The killing of George Floyd by a police officer in Minneapolis and the ensuing protest movement has sparked difficult conversations about race in many different spheres, including one that can feel especially sensitive and fraught: the workplace.
Some organizations have chosen not to address recent events, or did so only after outcry from within the company. Others have hosted discussions with perhaps the best of intentions that ended up serving no one, or worse, creating conflict. For example, LinkedIn recently received attention for a virtual town hall with its employees where controversial anonymous comments were made about race and diversity.
So how can an organization facilitate a conversation about race, especially now, when we’re all working remotely? How should approaches differ in different settings, for example an office versus a restaurant? How can an environment be created where people feel that they can speak up and not be judged for making mistakes? And if a company is lacking in diversity, how can they effectively discuss race?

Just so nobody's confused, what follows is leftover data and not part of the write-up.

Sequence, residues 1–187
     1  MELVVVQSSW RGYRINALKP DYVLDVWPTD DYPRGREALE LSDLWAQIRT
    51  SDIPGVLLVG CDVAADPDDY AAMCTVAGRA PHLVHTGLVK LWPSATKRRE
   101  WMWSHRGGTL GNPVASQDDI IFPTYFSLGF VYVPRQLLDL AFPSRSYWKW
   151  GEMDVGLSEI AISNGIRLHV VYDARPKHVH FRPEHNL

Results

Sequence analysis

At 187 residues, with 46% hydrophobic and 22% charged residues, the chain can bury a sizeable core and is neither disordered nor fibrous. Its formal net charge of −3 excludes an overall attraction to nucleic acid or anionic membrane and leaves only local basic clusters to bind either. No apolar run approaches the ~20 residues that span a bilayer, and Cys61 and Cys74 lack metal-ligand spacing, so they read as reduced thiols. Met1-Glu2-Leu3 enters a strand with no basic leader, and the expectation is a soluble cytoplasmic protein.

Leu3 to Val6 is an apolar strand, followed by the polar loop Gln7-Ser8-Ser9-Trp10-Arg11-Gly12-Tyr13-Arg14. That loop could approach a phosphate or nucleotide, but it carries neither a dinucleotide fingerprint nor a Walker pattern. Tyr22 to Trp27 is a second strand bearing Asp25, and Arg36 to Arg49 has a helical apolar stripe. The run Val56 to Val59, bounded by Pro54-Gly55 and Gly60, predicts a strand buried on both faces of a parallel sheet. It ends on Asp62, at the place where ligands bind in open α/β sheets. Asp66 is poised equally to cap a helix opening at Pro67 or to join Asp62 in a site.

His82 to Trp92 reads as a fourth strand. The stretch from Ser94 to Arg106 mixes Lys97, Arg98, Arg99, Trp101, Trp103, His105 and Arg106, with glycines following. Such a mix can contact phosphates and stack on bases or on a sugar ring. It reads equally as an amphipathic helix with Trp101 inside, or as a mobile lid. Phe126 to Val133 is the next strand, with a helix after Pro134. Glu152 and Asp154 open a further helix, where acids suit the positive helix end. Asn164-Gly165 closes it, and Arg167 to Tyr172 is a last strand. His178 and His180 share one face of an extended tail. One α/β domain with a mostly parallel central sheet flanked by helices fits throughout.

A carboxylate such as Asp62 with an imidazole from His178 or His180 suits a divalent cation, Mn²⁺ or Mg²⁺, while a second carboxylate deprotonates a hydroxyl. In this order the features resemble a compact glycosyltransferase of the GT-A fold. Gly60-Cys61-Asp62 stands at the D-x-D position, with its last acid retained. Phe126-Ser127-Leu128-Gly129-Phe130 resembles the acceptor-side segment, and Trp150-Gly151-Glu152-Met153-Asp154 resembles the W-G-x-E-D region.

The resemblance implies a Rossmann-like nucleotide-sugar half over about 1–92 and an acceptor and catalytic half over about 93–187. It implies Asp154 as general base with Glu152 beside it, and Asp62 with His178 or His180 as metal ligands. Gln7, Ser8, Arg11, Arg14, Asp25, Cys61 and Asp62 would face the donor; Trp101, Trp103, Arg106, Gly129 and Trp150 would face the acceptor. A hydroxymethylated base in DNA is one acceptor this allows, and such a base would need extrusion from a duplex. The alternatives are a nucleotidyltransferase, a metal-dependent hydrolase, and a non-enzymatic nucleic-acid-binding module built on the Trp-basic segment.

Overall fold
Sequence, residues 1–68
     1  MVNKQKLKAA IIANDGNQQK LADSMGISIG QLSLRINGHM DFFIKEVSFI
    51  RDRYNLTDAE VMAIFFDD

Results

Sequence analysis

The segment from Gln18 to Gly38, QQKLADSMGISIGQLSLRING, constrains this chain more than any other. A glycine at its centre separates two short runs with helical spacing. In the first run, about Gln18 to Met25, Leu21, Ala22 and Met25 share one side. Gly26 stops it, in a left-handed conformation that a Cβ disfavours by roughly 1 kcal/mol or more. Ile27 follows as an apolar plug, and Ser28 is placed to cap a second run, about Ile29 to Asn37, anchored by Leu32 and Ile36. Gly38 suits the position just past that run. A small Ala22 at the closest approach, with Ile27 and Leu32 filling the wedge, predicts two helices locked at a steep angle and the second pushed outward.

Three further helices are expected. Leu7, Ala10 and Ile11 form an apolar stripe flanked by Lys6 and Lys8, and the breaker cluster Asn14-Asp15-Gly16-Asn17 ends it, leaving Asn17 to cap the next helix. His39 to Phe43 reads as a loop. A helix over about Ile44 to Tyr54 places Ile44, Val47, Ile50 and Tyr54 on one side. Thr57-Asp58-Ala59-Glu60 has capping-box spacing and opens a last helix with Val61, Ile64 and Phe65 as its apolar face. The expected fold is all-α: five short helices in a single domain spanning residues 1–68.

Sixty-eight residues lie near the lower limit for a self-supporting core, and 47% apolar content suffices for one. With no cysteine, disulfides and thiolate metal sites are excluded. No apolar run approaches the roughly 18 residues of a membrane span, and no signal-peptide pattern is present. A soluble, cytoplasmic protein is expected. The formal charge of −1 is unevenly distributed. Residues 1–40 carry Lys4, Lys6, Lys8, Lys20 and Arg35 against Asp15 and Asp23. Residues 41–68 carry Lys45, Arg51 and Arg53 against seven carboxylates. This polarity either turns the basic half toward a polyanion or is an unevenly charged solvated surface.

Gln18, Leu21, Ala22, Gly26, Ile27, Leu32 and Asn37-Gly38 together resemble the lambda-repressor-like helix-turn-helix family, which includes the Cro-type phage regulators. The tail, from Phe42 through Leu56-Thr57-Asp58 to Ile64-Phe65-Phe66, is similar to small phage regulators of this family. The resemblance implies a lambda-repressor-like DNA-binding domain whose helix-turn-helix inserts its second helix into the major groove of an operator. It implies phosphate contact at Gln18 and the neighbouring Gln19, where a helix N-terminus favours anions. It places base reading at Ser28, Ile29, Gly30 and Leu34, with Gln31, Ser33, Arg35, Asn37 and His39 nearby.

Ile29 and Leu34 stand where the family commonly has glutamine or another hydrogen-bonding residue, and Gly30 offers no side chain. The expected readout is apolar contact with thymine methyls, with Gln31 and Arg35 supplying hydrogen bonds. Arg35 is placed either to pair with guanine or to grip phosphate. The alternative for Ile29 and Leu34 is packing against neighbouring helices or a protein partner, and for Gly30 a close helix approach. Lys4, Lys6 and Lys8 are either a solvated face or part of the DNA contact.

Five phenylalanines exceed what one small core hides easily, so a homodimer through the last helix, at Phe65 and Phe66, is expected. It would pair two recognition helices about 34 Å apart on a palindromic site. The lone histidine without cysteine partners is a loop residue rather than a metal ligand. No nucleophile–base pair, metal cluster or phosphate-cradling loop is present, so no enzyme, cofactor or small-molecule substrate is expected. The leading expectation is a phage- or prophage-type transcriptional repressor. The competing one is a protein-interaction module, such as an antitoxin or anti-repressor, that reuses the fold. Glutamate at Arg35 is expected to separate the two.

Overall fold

We sit down with assistant professor of management at University of Pennsylvania's Wharton School of Business Stephanie Creary to discuss.
Plus, we want to hear from you. Whether you’re management or an employee, whether your workplace had a great conversation about race or an unconstructive one, what have you experienced in the past few weeks? Call us at 866-893-5722.
Stephanie Creary, assistant professor of management at University of Pennsylvania's Wharton School of Business; her research interests include identity, diversity and inclusion and relationships across difference